Some employers are asking potential employees for their Facebook passwords as part of the interview process.
The Associated Press reports that some companies and government agencies want to log into social networking sites as the user in order to poke around a bit as part of their vetting process.
Critics say the practice is an egregious violation of privacy, but employers counter they are simply looking for illegal or inappropriate behavior.
Since the rise of social networking, it has become common for managers to review publically available Facebook profiles, Twitter accounts and other sites to learn more about job candidates. But many users, especially on Facebook, have their profiles set to private, making them available only to selected people or certain networks.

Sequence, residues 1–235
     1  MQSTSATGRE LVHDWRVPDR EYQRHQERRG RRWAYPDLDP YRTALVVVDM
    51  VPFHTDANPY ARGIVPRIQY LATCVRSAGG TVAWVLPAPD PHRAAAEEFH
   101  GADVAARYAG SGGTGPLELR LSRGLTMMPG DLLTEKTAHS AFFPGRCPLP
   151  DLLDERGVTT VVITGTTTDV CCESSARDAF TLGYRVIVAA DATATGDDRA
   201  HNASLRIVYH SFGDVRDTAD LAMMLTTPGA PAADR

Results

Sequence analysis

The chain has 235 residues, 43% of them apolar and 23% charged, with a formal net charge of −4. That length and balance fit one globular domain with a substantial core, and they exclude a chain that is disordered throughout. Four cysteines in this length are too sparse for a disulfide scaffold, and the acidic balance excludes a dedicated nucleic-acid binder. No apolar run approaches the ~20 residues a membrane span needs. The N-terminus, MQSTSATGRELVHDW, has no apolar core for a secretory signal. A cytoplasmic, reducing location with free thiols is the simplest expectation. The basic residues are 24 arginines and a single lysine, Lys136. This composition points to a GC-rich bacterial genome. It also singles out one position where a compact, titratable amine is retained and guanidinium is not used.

Companies that don't ask for passwords have taken other steps — such as asking applicants to friend human resource managers or to log in to a company computer during an interview. Once employed, some workers have been required to sign non-disparagement agreements that ban them from talking negatively about an employer on social media.
Asking for a candidate's password is more prevalent among public agencies, especially those seeking to fill law enforcement positions such as police officers or 911 dispatchers.